According to an official with the PGA of America, the association felt the winner of The Players deserved more than a single-year exemption, which had been the case, and the move is consistent with how the PGA Tour’s annual flagship event is treated by the other majors.

Winners of The Players were already exempt for three years into the Masters, U.S. Open and The Open Championship.

The change will begin with this year’s PGA Championship.

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Thomas: Playing in front of Tiger even more chaotic

By Randall MellFebruary 21, 2018, 7:52 pm

PALM BEACH GARDENS, Fla. – Justin Thomas may be going from the frying pan to the fire of Tiger Woods’ pairings.

Translation: He’s going from being grouped with Woods last week in the first two rounds at the Genesis Open to being grouped directly in front of Woods this week at the Honda Classic.

“Which might be even worse than playing with him,” Thomas said Wednesday.

Typically, the pairing in front of Woods deals with a lot of gallery movement, with fans racing ahead to get in position to see Woods’ next shot.

Thomas was quoted after two rounds with Tiger at Riviera saying fans “got a little out of hand,” and saying it’s disappointing some golf fans today think it’s “so amusing to yell and all that stuff while we’re trying to hit shots.”

With 200,000 fans expected this week at the Honda Classic, and with the Goslings Bear Trap pavilion setting a party mood at the 16th green and 17th tee, that portion of the course figures to be quite lively at PGA National.


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Thomas was asked about that.

“I touched on this a little bit last week,” Thomas said. “I think it got blown out of proportion, was just taken out of context, and worded differently than how I said it or meant it.

“I love the fans. The fans are what I hope to have a lot of, what all of us hope to have a lot of. We want them cheering us on. But it's those certain fans that are choosing to yell at the wrong times, or just saying stuff that's completely inappropriate.”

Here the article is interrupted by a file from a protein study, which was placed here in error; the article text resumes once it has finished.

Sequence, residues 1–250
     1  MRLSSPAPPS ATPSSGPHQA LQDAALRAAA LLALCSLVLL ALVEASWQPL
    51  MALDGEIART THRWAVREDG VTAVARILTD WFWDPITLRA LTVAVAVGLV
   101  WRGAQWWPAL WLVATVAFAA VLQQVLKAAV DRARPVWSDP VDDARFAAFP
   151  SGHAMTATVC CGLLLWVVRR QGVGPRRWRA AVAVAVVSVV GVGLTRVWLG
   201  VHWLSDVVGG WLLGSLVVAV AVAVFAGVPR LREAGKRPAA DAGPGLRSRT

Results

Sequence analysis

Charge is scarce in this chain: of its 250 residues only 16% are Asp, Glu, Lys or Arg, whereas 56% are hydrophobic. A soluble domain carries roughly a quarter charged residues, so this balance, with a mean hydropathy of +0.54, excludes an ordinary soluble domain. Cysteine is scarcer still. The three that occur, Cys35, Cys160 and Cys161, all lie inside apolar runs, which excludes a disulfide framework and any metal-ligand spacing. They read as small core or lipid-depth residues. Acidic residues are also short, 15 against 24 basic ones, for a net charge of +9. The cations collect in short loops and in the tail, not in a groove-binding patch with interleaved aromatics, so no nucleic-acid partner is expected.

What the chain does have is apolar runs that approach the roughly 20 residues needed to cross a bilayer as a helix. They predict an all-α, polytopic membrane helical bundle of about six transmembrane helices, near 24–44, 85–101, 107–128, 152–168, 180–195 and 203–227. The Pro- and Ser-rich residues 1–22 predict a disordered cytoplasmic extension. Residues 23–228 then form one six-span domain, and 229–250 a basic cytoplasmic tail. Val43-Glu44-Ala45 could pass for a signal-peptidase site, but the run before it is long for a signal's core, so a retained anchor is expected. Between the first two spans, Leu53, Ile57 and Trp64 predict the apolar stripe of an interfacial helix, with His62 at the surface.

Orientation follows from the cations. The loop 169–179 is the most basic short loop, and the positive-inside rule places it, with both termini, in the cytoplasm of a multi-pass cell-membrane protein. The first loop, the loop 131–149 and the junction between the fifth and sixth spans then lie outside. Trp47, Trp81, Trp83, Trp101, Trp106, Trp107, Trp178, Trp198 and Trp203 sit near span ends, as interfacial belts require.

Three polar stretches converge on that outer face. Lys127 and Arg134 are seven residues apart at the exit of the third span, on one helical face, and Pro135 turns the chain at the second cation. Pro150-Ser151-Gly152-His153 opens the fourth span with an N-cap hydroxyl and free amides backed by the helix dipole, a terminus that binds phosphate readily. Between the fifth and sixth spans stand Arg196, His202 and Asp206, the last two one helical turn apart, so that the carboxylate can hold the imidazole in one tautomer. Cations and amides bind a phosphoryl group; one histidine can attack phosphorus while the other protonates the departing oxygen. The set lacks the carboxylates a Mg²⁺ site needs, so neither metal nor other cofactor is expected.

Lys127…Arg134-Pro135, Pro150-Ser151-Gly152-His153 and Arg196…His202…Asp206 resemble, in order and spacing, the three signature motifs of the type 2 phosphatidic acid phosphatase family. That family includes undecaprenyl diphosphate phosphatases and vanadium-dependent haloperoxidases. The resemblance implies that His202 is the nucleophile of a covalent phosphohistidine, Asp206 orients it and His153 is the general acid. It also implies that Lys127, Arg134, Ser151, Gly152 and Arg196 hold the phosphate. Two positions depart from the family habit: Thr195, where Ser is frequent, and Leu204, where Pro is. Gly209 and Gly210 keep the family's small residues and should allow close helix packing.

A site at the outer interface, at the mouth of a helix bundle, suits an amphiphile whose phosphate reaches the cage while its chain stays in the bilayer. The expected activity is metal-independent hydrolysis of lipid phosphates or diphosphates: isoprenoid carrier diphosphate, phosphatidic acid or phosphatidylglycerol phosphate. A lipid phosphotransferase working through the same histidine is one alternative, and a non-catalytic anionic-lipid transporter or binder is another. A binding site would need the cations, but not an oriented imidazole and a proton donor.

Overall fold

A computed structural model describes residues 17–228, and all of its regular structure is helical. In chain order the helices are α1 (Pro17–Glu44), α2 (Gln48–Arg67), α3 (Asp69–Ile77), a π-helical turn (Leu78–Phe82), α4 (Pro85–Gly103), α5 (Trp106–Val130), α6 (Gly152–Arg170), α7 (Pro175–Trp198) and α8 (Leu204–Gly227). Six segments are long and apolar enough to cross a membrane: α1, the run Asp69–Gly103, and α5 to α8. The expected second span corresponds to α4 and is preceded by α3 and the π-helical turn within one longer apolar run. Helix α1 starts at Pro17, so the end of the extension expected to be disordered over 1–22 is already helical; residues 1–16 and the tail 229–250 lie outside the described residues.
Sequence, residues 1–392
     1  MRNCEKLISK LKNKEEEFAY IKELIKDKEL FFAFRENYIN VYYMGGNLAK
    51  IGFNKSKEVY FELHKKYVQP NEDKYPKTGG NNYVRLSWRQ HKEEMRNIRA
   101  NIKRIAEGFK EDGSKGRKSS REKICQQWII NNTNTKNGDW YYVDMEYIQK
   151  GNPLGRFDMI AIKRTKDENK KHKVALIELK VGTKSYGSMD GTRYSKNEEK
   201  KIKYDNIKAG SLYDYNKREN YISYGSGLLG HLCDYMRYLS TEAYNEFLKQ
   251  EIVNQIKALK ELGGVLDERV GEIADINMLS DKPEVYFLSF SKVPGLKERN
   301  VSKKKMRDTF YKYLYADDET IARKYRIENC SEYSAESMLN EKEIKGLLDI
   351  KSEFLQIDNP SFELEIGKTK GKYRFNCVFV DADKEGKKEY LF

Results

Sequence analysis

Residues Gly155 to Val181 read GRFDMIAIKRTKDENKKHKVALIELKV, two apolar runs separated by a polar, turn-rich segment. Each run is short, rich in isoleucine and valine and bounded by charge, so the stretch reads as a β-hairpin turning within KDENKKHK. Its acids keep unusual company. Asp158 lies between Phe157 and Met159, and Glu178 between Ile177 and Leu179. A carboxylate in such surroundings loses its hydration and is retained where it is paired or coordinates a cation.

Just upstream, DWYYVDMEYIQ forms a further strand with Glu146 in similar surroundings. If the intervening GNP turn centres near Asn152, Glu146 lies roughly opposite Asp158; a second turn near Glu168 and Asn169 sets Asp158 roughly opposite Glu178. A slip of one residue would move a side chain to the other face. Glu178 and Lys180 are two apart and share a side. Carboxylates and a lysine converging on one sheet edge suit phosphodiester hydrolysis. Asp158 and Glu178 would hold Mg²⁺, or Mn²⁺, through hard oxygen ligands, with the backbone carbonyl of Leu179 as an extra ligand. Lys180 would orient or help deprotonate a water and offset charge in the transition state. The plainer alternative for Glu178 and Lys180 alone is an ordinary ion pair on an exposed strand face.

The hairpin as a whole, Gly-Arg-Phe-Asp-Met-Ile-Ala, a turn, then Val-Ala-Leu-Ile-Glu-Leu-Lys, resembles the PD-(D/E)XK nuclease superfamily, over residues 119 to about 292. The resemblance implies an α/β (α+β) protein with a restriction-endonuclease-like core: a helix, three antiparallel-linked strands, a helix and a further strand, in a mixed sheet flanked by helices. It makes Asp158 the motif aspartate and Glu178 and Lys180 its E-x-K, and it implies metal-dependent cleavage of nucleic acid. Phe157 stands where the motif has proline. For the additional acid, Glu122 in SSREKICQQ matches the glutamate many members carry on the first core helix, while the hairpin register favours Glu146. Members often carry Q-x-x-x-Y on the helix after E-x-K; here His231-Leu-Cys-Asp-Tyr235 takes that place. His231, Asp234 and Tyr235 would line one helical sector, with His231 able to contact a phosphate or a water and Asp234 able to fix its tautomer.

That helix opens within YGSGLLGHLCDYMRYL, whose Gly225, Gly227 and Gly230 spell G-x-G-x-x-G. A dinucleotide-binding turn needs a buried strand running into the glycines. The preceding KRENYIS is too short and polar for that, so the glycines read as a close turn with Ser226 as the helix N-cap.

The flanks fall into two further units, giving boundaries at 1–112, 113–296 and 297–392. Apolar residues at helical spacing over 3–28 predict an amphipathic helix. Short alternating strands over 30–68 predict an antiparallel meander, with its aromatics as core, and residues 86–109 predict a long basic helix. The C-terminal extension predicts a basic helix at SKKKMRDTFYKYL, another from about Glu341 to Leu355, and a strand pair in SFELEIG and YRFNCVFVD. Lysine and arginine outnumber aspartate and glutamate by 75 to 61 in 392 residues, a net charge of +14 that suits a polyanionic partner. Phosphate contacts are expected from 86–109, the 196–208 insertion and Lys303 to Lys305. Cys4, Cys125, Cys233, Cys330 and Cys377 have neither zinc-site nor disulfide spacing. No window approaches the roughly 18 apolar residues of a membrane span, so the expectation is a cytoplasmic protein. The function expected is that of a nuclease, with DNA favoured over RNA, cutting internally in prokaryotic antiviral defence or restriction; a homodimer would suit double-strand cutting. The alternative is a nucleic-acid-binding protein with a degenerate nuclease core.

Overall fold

Thomas said it’s more than ill-timed shouts. It’s the nature of some things being said.

“It's one thing if it's just you and I talking, but when you're around kids, when you're around women, when you're around families, or just around people in general, some of the stuff they are saying to us is just extremely inappropriate,” he said. “There’s really no place for it anywhere, especially on a golf course.

“I feel like golf is pretty well known as a classy sport, not that other sports aren't, but it has that reputation.”

Thomas said the nature of the 17th hole at PGA National’s Champion Course makes it a more difficult tee shot than the raucous 16th at the Waste Management Phoenix Open. Typically, players like to hear fans get into the action before or after they hit shots. Ill-timed bluster, however, makes a shot like the one at Honda’s 17th even tougher.

“That hole is hard enough,” Thomas said. “I don't need someone yelling in my ear on my backswing that I'm going to hit it in the water, to make it any harder. I hope it gets better, just for the sake of the game. That's not helping anything. That's not helping grow the game.”

Those who follow golf know an ill-timed shout in a player’s backswing is different than anything a fan says at a football, basketball or baseball game. An ill-timed comment in a backswing has a greater effect on the outcome of a competition.

“Just in terms of how much money we're playing for, how many points we're playing for ... this is our jobs out here, and you hate to somehow see something that a fan does, or something that they yell, influence something that affects [a player’s] job,” Thomas said.

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Rory: Phil said RC task force just copied Europe

By Randall MellFebruary 21, 2018, 7:21 pm

PALM BEACH GARDENS, Fla. – Playing the AT&T Pebble Beach Pro-Am two weeks ago, Rory McIlroy quizzed Phil Mickelson about what the Americans got out of the U.S. Ryder Cup task force’s overhaul.

McIlroy and Mickelson were paired together at Pebble Beach.

“Basically, all they are doing is copying what the Europeans have done,” McIlroy said.  “That's what he said.”

The Europeans claimed their sixth of seven Ryder Cups with their victory at Gleneagles in 2014. That brought about a sea change in the way the United States approached the Ryder Cup. Mickelson called out the tactics in Gleneagles of captain Tom Watson, who was outmaneuvered by European captain Paul McGinley.


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The Americans defeated Europe at Hazeltine two years ago with that new European model.

“He said the first thing they did in that task force was Phil played a video, a 12-minute video of Paul McGinley to all of them,” McIlroy said. “So, they are copying what we do, and it's working for them. It's more cohesive, and the team and the core of that team are more in control of what they are doing, instead of the PGA of America recruiting and someone telling them what to do.”